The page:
AccordingtoHolzmann , protocol speci?cationscomprise ?veelements: the service the protocol provides toits users; the set of messages that are exchanged between protocol entities; the format of each message; the rules governingm- sage exchange (procedures); and the assumptionsabout the environment in which the protocol is intended tooperate. In protocol standards documents, information related to the operatingenvironment isusually writteninformally andmayoccur in several di?erentplaces . This informal speci?cation style canlead to misunderstandings andpossibly incompatible implementations. In contrast,executableformalmodelsrequireprecisespeci?cations oftheoperating environment. Ofparticularsigni?canceisthecommunicationmediumorchannel over which the protocol operates. Channelscan havedi?erent characteristics depending on the physical media (e. g. optical ?bre, copper, cable orunguided media (radio)) they employ. The characteristics also depend on the levelof the protocol inacomputer protocol architecture.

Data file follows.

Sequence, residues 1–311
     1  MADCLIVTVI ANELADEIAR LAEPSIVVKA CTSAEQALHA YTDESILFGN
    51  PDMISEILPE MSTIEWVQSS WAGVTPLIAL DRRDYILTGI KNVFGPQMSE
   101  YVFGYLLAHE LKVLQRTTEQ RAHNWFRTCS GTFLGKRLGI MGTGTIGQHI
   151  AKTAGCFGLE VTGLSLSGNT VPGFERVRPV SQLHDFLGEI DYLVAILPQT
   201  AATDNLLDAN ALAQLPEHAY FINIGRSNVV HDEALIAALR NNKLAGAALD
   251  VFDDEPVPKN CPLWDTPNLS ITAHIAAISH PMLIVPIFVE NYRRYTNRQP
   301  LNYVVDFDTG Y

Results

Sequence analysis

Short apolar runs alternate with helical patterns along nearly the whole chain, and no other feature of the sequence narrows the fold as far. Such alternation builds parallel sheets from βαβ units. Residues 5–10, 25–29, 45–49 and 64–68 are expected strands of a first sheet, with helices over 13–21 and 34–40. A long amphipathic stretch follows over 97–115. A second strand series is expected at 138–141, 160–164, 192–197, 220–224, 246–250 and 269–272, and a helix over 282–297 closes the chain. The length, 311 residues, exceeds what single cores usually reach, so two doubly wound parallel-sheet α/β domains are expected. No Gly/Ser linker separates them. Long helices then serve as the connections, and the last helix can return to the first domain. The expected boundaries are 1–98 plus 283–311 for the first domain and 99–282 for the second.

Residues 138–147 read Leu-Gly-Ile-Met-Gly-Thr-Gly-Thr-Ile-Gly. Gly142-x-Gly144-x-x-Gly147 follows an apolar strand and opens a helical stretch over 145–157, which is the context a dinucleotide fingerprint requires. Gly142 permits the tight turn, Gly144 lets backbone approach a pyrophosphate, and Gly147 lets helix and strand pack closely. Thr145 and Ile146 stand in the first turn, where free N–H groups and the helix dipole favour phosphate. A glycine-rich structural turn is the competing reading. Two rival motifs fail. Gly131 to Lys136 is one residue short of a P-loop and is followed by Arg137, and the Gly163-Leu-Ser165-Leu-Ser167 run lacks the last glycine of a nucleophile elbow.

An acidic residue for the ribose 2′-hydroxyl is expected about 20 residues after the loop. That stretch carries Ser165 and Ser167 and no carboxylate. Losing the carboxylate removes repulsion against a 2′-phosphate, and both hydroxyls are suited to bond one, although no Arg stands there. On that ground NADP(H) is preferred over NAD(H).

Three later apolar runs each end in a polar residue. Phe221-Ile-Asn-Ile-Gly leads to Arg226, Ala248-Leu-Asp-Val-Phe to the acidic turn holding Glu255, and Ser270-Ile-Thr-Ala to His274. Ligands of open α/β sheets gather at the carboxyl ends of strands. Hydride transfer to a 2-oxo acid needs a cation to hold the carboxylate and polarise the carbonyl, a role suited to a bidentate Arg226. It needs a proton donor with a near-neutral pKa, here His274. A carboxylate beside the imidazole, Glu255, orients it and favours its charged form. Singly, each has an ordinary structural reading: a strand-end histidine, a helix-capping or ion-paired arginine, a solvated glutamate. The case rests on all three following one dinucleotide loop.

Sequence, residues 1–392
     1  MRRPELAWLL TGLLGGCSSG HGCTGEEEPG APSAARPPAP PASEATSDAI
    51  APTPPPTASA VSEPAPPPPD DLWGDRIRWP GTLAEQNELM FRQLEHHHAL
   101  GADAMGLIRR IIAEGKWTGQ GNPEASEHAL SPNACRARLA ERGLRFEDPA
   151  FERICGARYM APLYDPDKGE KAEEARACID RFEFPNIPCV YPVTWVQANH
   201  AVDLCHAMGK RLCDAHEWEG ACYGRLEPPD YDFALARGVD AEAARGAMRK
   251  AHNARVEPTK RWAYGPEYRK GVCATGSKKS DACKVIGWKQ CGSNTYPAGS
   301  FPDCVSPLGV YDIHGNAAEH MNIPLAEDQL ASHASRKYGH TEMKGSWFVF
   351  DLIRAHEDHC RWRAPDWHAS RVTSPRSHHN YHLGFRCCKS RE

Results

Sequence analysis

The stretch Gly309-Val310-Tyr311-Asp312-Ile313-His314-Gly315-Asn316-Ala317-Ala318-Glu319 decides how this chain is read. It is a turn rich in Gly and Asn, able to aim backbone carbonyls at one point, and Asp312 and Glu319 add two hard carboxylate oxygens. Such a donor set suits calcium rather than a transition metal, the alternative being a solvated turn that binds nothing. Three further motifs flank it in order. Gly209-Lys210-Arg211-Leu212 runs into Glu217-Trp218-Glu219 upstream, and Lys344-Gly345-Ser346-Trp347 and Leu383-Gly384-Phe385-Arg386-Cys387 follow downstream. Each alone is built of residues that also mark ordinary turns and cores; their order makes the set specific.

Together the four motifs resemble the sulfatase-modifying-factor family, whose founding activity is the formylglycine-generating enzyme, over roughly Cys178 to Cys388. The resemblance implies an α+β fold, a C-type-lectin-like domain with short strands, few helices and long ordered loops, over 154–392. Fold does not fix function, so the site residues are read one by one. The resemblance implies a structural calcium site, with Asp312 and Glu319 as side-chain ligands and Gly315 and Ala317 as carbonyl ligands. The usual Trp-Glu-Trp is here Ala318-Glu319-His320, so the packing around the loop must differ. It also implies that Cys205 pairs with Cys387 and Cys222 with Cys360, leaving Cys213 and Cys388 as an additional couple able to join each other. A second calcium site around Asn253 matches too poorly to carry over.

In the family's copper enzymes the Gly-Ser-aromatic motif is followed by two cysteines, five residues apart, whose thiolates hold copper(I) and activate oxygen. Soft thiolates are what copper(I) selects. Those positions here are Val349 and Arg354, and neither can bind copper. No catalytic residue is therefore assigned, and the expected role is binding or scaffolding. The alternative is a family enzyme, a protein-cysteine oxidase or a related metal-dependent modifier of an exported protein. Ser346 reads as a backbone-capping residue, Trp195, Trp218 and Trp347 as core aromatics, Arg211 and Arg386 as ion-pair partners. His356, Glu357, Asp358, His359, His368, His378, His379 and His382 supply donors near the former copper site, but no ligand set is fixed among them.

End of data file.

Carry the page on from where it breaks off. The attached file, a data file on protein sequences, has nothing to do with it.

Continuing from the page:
Forexample, the link-leveloperates over a singlemedium,whereas the network, transport andapplication levelsmayoperate over a network,or network of networks such as the Internet,which couldemploy several di?erent physical media. Channels (such as satellite links) can be noisy resulting in bit errors in packets. To correct biterrors in packets, many importantprotocols (such the Internet's TransmissionControl Protocol ) use CyclicRedundancy Checks (CRCs) to detect errors. On detectingan error,the receiver discards the packet andrelies on the sender to retransmit itforrecovery,known as Au- maticRepeatreQuest(ARQ). Thisisachievedbythereceiveracknowledging the receipt of good packets, andby the transmitter maintainingatimer. When the timer expires before an acknowledgementhasbeen received, the transmitter retransmits packets that havebeen sent but are as yet notacknowledged. It may also be possibleforpacketsto be lost due to routers in networks discarding packets when congested.
Publisher: Springer-Verlag Berlin and Heidelberg GmbH & Co. KG
Number of pages: 275
Weight: 456 g
Dimensions: 235 x 155 x 15 mm
Edition: 2009 ed.